Dana Brownlee, president of professional training development company Professionalism Matters, advises against initiating a romance with your manager, or, likewise, with anyone who reports to you directly or indirectly."If you're a manager, you should be held to a higher standard," she says."You're creating a climate where people are going to see bias whether there really is bias or not."Relationships with your peers are generally more acceptable—assuming they're unhitched.As the old saying goes "you don't dip your pen in the company ink." In other words, you shouldn't get into a dating or sexual relationship with a co-worker.But consider this: according to a recent Workplace Options survey, nearly 85% of 18-29 year olds would have a romantic relationship with a co-worker, compared to just over 35% for 30-46 year olds and about 30% of 47-66 year olds.According to the EEOC, "Harassment can include 'sexual harassment' or unwelcome sexual advances, requests for sexual favors, and other verbal or physical harassment of a sexual nature." The EEOC also explains that the victim can be harassed by a co-worker, an outside vendor or visitor to the workplace, or the employee's supervisor.It is in this latter instance, where the relationships between supervisors and employees can become a problem in the workplace.A place where people share a common interest, and spend most of their time, provides the perfect opportunity for love.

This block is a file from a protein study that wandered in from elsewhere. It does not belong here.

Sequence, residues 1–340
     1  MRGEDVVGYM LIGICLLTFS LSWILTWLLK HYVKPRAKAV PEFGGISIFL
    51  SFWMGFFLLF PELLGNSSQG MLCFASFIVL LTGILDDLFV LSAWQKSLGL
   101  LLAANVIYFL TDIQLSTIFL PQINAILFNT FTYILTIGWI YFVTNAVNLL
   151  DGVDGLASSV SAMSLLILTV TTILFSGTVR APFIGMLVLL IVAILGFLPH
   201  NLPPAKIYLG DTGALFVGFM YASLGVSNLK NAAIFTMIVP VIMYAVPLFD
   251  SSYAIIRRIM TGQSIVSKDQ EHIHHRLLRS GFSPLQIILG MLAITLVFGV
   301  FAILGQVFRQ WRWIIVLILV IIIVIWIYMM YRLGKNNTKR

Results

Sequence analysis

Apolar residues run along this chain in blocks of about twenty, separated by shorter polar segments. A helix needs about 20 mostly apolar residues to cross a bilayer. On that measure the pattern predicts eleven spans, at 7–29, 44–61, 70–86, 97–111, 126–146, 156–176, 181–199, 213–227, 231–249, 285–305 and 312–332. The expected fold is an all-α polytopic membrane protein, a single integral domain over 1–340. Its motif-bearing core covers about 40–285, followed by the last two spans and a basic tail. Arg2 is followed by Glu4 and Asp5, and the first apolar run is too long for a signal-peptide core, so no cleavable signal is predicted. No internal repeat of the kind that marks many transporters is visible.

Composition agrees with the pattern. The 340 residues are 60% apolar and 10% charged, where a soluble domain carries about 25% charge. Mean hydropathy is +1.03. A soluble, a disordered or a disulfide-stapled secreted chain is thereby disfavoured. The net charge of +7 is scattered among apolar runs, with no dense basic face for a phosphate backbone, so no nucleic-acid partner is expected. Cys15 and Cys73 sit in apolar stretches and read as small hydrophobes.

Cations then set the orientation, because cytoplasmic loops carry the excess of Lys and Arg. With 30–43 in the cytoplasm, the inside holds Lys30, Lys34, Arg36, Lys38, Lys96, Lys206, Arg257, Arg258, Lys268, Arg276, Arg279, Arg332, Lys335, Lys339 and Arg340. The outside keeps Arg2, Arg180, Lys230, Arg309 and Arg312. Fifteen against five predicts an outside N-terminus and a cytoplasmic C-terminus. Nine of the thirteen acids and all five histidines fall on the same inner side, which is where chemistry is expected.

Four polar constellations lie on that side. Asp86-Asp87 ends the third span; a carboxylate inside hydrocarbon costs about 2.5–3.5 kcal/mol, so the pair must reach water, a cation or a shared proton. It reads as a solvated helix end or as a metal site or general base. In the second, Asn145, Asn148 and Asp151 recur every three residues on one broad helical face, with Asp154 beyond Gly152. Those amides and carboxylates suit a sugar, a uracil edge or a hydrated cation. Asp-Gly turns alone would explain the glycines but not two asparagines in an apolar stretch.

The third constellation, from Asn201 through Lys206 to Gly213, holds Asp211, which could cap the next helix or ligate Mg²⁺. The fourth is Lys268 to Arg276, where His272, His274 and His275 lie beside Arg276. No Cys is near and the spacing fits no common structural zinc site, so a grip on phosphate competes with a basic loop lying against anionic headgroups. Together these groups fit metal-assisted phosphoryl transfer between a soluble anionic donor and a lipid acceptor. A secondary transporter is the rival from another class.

Since employers can be held responsible in states such as California for the actions of their supervisors, there are regulations and requirements for sexual harassment training for all managers in an organization with fifty or more employees.Workplace romance exists when two members of the same organization develop a relationship with mutual attraction.